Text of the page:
There is a line between tradition and exploitation, between personal offense and institutionalized insensitivity, between capitulating to political correctness and doing what’s right. The Washington Redskins and their obstinate owner, Daniel Snyder, are on the wrong side of that line.
What’s in a name? If you’re the Redskins it’s a stubborn disregard for the feelings of Native Americans who find it demeaning and offensive and an irrational fear of losing your NFL identity.
On Monday the Patriots began three days of joint practices with the Redskins in Richmond. They will open the preseason against Washington Thursday at FedEx Field. The appellation will be in place. It should be gone fast like Redskins Hall of Fame cornerback Darrell Green on an interception return.
Publications and broadcasters shouldn’t have to choose whether they’re going to use it. (Globe policy on the Redskins name is that as long as it remains the official nickname of the Washington NFL entry, the paper will use it.)
Changing the name of Washington’s football team is a controversial and complex issue, rife with historical, cultural, and etymological disagreements. Whether the roots of the word have to do with the color of Native Americans’ skin or the macabre peddling of human scalps is irrelevant. Either way it’s anachronistically racist.
If you want an eloquent explanation of why the term is so offensive, read the excellent Esquire essay by Globe writer Baxter Holmes, who is of Cherokee and Choctaw descent.
Admittedly, altering a football team’s name is not going to rectify or erase the history of abhorrent treatment of Native Americans in this country. But keeping it is just one more indignity aimed at a people who have suffered far too many from folks in Washington.
Just Google “Indian Removal Act of 1830” and “Trail of Tears.”
There is a groundswell of support to eliminate the name.
President Obama said last October that the Redskins should change their name. In June, the US Patent and Trademark office canceled the Redskins’ trademark registration, saying the team’s name and logo were disparaging. That same month former Redskins cornerback Champ Bailey told USA Today that the name was degrading and said it was “almost like the N-word for a black person.” Last month, US Attorney General Eric Holder called Redskins an “offensive name” and said changing it was obviously right.
But Snyder said in 2013 that he will never — sorry, he said to use capital letters, NEVER — change the name.
It’s not surprising that Snyder is wrong about the name. He’s been wrong about most things involved with owning an NFL team since he purchased the Redskins in 1999. In Snyder’s 15 seasons as owner, the team has never won more than 10 regular-season games, has made the playoffs four times, and won two playoff games.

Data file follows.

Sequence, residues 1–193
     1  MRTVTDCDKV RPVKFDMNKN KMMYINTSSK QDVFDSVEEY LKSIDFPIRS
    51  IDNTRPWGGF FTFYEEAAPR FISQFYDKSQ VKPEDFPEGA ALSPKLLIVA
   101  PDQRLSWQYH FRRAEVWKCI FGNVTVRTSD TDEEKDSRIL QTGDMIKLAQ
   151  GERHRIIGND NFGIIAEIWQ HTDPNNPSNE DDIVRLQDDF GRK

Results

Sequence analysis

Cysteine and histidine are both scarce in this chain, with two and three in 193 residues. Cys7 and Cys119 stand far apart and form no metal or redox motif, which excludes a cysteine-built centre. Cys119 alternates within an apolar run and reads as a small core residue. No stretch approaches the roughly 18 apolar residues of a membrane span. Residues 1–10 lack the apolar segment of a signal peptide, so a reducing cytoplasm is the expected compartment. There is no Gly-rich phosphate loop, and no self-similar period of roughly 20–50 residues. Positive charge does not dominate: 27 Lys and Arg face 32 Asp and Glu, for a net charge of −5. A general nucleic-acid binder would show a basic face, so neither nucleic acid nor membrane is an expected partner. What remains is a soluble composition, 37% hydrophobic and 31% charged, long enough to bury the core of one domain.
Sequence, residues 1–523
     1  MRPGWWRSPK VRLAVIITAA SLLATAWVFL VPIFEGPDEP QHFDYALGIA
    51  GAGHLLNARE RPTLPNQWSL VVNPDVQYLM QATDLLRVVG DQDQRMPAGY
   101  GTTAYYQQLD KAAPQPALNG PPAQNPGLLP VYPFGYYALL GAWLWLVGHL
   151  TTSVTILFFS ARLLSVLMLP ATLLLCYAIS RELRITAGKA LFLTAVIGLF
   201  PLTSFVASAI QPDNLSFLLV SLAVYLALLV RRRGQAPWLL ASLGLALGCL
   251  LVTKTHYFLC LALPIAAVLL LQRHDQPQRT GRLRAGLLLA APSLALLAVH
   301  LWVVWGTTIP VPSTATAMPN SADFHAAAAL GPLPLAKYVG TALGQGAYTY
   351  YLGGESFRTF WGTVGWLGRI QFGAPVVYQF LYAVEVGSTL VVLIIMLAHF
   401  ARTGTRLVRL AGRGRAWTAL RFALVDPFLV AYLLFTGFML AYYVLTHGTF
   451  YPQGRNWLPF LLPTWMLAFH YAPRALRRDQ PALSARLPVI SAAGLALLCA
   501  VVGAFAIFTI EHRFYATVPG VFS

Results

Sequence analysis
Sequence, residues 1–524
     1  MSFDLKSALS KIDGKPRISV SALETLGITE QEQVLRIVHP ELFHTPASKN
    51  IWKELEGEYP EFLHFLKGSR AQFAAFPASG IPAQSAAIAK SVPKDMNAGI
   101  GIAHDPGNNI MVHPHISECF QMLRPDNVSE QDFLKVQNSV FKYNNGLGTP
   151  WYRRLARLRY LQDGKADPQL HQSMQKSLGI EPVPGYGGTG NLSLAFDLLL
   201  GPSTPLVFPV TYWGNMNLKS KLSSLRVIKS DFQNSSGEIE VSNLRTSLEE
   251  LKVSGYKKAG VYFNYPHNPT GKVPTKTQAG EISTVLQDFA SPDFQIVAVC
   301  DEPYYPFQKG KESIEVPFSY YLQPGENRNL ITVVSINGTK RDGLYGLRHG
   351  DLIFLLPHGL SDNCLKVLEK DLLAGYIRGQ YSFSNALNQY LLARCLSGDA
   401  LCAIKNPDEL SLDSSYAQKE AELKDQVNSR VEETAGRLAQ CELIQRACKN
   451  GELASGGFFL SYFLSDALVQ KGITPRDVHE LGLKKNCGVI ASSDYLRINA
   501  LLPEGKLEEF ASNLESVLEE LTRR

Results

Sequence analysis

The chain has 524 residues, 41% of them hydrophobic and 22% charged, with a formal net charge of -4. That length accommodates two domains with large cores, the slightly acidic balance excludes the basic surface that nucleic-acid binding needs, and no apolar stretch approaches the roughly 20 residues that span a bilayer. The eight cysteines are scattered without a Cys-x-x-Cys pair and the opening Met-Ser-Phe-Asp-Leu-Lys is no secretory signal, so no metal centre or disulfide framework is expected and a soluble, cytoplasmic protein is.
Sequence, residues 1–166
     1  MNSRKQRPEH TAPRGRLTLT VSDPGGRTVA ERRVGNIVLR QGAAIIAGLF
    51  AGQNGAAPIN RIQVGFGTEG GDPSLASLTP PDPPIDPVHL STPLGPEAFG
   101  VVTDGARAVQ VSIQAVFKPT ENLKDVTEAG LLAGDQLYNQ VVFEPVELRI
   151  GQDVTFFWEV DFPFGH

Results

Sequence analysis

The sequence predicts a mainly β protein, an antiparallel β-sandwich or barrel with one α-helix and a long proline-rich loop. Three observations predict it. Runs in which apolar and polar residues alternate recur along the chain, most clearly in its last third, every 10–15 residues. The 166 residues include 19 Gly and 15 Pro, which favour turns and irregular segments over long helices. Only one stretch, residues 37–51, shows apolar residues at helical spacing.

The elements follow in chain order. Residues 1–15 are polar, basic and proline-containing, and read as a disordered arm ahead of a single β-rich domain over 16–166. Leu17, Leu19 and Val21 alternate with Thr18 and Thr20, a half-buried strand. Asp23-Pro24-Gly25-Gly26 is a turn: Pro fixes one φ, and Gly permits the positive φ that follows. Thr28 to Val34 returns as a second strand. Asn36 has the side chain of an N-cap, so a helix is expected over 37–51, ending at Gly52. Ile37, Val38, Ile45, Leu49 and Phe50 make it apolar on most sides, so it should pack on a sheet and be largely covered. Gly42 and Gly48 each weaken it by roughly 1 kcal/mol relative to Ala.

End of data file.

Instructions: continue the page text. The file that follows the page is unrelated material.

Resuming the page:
His defense of the name is the staunchest defense Washington has played in a few years.
The irony of those like Snyder fighting so hard to keep the club’s name is that it’s not even the original name of the franchise.
The franchise was born in Boston in 1932 as the Boston Braves, playing at Braves Field, then the home of the major league baseball Braves, who now reside in Atlanta. The stadium was on the site of what is Boston University’s Nickerson Field.
Imperious owner and inveterate showman George Preston Marshall changed the team’s name to Redskins in 1933, when his franchise became a tenant of Boston’s other baseball team, the Red Sox, moving to Fenway Park.
The team moved to Washington in 1937 and won the NFL Championship with rookie quarterback Slingin’ Sammy Baugh.
While the name should be changed, I’m not completely insensitive to how Redskins fans feel about it.
The deepest emotional connection I have to a sports team is the Florida State University college football team. Their nickname is the Seminoles.
My fandom dates back to an instant infatuation with one Deion Sanders.
Since 2005, the NCAA has banned Native American nicknames. Florida State got an exemption because it negotiated an agreement with the Seminole Tribe of Florida’s Tribal Council to continue using it. The agreement includes aid for schools on the tribe’s reservation and full scholarships for tribal members who attend Florida State.
Still, it’s cringe-worthy when before each FSU game, a student dressed as the Seminole warrior Osceola rides out on a white horse, Renegade, and plants a flaming spear into the field.
It’s obvious why many Native Americans would find this ritual and the famed (defaming?) Tomahawk Chop chant highly offensive.
An article in The Nation the day after Florida State won its third national title pointed out that the majority of Seminole tribe members live in Oklahoma and oppose the use of the name.
If the Seminoles name is deemed offensive, I wouldn’t fight changing it. Florida State by another name still would be my team.
However, the mere use of any Native American name is not a blanket act of racism.
Redskins is an inherently racist, disparaging sobriquet.
However, Chiefs and Braves are names that are synonymous with strength, nobility, and courage, as long as they’re handled with care and cultural respect.
The opposite of that care is the Cleveland Indians, possessors of the most outwardly offensive logo in professional sports, Chief Wahoo — a smiling, degrading caricature that is the Native American sports logo equivalent of a minstrel show.
The Indians have phased out the logo, but not abandoned it completely.
There is a line of PC overload.
Do Greeks take offense to the Michigan State Spartans? Do those of Irish descent resent the stereotypical representations of their culture showcased by Notre Dame or the Celtics?
But Redskins crosses any line and then spikes the ball in your face.
Sacrificing a second-choice NFL team name is a small price to pay for upholding the dignity of a people.